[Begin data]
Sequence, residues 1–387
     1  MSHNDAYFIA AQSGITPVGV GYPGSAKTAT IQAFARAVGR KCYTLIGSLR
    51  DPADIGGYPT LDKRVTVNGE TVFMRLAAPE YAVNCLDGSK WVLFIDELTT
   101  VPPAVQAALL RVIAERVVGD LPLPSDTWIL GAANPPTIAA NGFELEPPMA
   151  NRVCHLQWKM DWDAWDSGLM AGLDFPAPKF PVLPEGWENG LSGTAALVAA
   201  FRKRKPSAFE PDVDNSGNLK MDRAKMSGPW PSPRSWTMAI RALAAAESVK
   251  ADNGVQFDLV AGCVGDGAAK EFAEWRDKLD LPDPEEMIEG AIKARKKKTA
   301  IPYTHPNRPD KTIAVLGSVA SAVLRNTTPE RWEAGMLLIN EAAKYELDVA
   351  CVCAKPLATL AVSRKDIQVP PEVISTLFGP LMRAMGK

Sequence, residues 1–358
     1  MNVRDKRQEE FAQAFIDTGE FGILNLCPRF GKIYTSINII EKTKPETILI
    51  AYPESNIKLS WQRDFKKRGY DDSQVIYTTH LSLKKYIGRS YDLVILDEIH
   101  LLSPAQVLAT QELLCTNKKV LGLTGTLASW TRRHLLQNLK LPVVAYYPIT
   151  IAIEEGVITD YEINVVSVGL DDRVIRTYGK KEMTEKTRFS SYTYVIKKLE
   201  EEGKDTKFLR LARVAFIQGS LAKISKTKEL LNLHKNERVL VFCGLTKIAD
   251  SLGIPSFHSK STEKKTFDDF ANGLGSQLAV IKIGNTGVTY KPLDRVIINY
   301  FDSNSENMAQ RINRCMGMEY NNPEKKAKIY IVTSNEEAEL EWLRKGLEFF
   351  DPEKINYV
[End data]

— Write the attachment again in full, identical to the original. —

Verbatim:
Sequence, residues 1–387
     1  MSHNDAYFIA AQSGITPVGV GYPGSAKTAT IQAFARAVGR KCYTLIGSLR
    51  DPADIGGYPT LDKRVTVNGE TVFMRLAAPE YAVNCLDGSK WVLFIDELTT
   101  VPPAVQAALL RVIAERVVGD LPLPSDTWIL GAANPPTIAA NGFELEPPMA
   151  NRVCHLQWKM DWDAWDSGLM AGLDFPAPKF PVLPEGWENG LSGTAALVAA
   201  FRKRKPSAFE PDVDNSGNLK MDRAKMSGPW PSPRSWTMAI RALAAAESVK
   251  ADNGVQFDLV AGCVGDGAAK EFAEWRDKLD LPDPEEMIEG AIKARKKKTA
   301  IPYTHPNRPD KTIAVLGSVA SAVLRNTTPE RWEAGMLLIN EAAKYELDVA
   351  CVCAKPLATL AVSRKDIQVP PEVISTLFGP LMRAMGK

Sequence, residues 1–358
     1  MNVRDKRQEE FAQAFIDTGE FGILNLCPRF GKIYTSINII EKTKPETILI
    51  AYPESNIKLS WQRDFKKRGY DDSQVIYTTH LSLKKYIGRS YDLVILDEIH
   101  LLSPAQVLAT QELLCTNKKV LGLTGTLASW TRRHLLQNLK LPVVAYYPIT
   151  IAIEEGVITD YEINVVSVGL DDRVIRTYGK KEMTEKTRFS SYTYVIKKLE
   201  EEGKDTKFLR LARVAFIQGS LAKISKTKEL LNLHKNERVL VFCGLTKIAD
   251  SLGIPSFHSK STEKKTFDDF ANGLGSQLAV IKIGNTGVTY KPLDRVIINY
   301  FDSNSENMAQ RINRCMGMEY NNPEKKAKIY IVTSNEEAEL EWLRKGLEFF
   351  DPEKINYV